Asahi Plans Southeast Asia Takeovers, Seeking Wider Margins
Asahi Group Holdings Ltd. (2502) and Kirin Holdings Co. (2503), Japan’s biggest brewers, plan acquisitions across Southeast Asia to access wider margins in a market of more than half a billion people as demand at home weakens.
“We are looking at Indonesia, Vietnam, Thailand, the Philippines and Malaysia,” Asahi President Naoki Izumiya, 63, said in a Dec. 12 interview in Tokyo. Kirin will “consider corporate tie-ups and small-scale mergers and acquisitions in Southeast Asia,” Chief Executive Officer Senji Miyake said in an interview yesterday.
The brewers’ push into the region will give them access to markets where some rivals’ operating margins are more than double that of both Asahi and Kirin’s, as Japan’s aging population crimps demand in their home market. Asahi has spent more on acquisitions this year than any other after domestic demand for beer slumped in 2010 for a 14th straight year and the yen’s gain boosted Japanese companies’ buying power abroad.
“The Southeast Asian market is not yet dominated by one company so there are opportunities,” said Mikihiko Yamato, an analyst at JI Asia, who recommends buying Kirin shares.
Asahi fell 0.3 percent to 1,688 yen at the 3 p.m. close of trading in Tokyo. The company has gained 7.3 percent in Tokyo trading this year, compared with an 18 percent slide for the broader Topix index. Kirin has declined 18 percent.
The yen has risen more than 7 percent against the dollar in the past year, the biggest gainer among 10 major currencies tracked by Bloomberg.
Asahi, Japan’s biggest beermaker by volume, made 6.6 percent of sales abroad last year, compared with 23.4 percent for Kirin, the biggest by market value, according to company statements. Asahi’s sales from overseas will probably increase to 10 percent this year, said Takayuki Tanaka, a spokesman for the Tokyo-based brewer.
“We want to expand our Super Dry brand and sell beer globally,” Asahi’s Izumiya said. “We can’t just cut costs. We have to increase our top line as well.”
Carlsberg A/S will produce and sell Asahi’s “Super Dry” beer in Malaysia, the Japanese brewer said in a statement yesterday.
Asahi earlier said it aimed to boost sales to 2 trillion yen to 2.5 trillion by 2015, with 20 percent to 30 percent revenue from overseas. Revenue last year was about 1.5 trillion yen.
“The Southeast Asian market is twice the size of Oceania, including Australia, and they want to move quickly,” said Hiroshi Saji, a Tokyo-based analyst for Mizuho Securities Co. who recommends buying Asahi shares.
The total population of Indonesia, the Philippines, Vietnam, Thailand and Malaysia will grow to 553 million in 2016 from 519 million this year, according to International Monetary Fund estimates compiled by Bloomberg. The population of Southeast Asia, including Myanmar and Singapore, will probably increase 7 percent to about 650 million.
Japan’s will probably contract 1.1 percent to 127 million in the same period, according to the data.
Beer sales by volume of domestic brewers in the world’s third-largest economy contracted 3.5 percent to 2.9 million kiloliters last year and dropped 47 percent in the past decade, according to the data from the Brewers Association of Japan.
Asahi’s operating margin of 9.73 percent compares with 26.74 percent for the Philippines’ San Miguel Brewery Inc. (SMB) and 22.47 percent for PT Multi Bintang Indonesia, according to latest filings compiled by Bloomberg. Kirin has a profit margin of 6.96 percent, data compiled by Bloomberg shows. Malaysia’s Guinness Anchor Bhd. has an operating margin of 16.27 percent while Thai Beverage Pcl. (THBEV)’s is at 12.14 percent, the data show.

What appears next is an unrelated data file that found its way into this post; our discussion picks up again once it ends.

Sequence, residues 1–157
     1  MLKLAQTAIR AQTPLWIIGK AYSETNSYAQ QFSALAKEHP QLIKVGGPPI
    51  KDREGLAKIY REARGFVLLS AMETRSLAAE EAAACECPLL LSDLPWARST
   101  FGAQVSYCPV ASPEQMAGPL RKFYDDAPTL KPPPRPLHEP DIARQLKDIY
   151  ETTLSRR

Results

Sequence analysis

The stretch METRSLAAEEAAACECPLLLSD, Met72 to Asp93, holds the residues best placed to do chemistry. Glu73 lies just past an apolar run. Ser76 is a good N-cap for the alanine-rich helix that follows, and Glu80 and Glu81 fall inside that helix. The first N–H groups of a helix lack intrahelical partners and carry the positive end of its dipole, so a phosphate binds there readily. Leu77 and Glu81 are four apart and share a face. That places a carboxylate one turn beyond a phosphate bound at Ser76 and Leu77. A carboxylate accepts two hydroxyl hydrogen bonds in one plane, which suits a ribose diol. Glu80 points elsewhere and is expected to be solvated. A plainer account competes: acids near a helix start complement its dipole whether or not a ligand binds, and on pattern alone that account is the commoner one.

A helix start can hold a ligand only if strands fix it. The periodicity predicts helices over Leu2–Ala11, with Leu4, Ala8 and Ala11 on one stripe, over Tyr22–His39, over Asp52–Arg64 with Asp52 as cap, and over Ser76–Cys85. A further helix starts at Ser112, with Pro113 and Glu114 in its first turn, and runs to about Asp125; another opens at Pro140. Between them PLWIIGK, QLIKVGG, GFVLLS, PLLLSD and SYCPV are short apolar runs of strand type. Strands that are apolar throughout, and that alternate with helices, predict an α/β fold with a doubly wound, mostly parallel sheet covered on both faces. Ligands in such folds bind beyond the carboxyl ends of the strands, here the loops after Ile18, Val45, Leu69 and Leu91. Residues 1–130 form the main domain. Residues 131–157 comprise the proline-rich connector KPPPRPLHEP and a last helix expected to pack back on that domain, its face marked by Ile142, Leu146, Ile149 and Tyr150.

San Miguel Brewery, a unit of the Philippines’ biggest company by sales that dominates the country’s beer market, is 48 percent owned by Kirin, which has been investing in the southeast Asian country for at least a decade.
Kirin is also the biggest investor in Singapore beverage maker Fraser & Neave Ltd. with a stake of about 15 percent, according to data compiled by Bloomberg. Kirin in 2009 took Lion Nathan Ltd. private, gaining full control of Australia’s second- biggest brewer.
Asahi’s biggest acquisition has been its purchase of Independent Liquor Ltd. of New Zealand for NZ$1.5 billion, or about $1.3 billion when it was announced in August. The company bought Australian beverages firm P&N Beverages Pty Ltd., New Zealand’s Charlie’s Group Ltd. and Independent Liquor and Malaysia’s Permanis Sdn. All deals were completed in the second half of 2011.
Asahi has announced more than $3.3 billion worth of purchases abroad in the past five years, compared with about $14 billion for Kirin, according to data compiled by Bloomberg.
Kirin last month agreed to buy out shareholders in Brazilian beermaker Schincariol Participacoes e Representacoes, completing its biggest acquisition. The deal valued the Brazilian company at about $3.6 billion excluding debt, when combined with the October purchase of a 50.45 percent stake.
While Kirin may continue to make acquisitions, they will probably be “small-scale” purchases, Miyake said. “The time for big M&A is over for now and our number one priority is to pay off our debts.”
The brewer of Kirin Lager plans to expand in Vietnam Thailand and Indonesia, he said.
Kirin last month also agreed to assume 1.1 billion reais ($597 million) of Schincariol’s debt and estimated 2.1 billion reais of potential labor, legal and tax liabilities as part of the deal. It has about $1.9 billion of bonds and loans due in the next decade, according to data compiled by Bloomberg.
The company’s debt-to-equity ratio jumped to 1.1 times after the purchase of Schincariol, Miyake said.